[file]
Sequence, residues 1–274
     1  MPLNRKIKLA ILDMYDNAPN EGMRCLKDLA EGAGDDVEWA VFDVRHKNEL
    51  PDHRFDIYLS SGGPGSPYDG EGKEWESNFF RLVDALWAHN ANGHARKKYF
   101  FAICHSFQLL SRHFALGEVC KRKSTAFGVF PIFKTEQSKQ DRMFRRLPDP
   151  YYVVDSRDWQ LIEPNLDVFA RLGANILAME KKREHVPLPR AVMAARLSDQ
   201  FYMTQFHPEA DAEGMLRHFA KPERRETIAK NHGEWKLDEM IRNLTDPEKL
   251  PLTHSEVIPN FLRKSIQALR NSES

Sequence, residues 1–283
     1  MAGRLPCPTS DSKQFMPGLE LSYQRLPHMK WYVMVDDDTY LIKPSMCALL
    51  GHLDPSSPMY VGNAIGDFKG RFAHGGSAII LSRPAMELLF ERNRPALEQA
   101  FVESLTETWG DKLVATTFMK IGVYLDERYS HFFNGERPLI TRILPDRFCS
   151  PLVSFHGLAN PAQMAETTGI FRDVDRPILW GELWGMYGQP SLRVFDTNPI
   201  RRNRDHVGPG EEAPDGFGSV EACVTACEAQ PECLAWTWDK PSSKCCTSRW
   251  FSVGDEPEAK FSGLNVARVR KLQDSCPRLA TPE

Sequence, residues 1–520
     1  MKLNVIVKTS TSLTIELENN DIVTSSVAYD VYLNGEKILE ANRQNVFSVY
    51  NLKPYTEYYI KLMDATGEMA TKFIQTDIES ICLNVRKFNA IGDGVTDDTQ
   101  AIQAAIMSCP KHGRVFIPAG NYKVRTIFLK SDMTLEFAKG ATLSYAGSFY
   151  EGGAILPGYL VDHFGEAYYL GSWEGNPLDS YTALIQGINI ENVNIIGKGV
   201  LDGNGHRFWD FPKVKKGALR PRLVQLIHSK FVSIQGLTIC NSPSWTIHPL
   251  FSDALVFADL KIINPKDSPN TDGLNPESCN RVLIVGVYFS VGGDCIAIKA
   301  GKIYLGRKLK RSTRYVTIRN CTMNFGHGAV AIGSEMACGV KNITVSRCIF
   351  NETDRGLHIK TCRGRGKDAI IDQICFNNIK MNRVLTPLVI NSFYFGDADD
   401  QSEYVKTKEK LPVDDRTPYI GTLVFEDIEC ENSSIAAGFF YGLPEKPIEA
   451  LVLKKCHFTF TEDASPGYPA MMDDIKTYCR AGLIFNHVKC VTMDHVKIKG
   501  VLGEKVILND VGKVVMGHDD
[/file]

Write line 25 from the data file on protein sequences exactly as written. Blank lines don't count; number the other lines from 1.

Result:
   451  LVLKKCHFTF TEDASPGYPA MMDDIKTYCR AGLIFNHVKC VTMDHVKIKG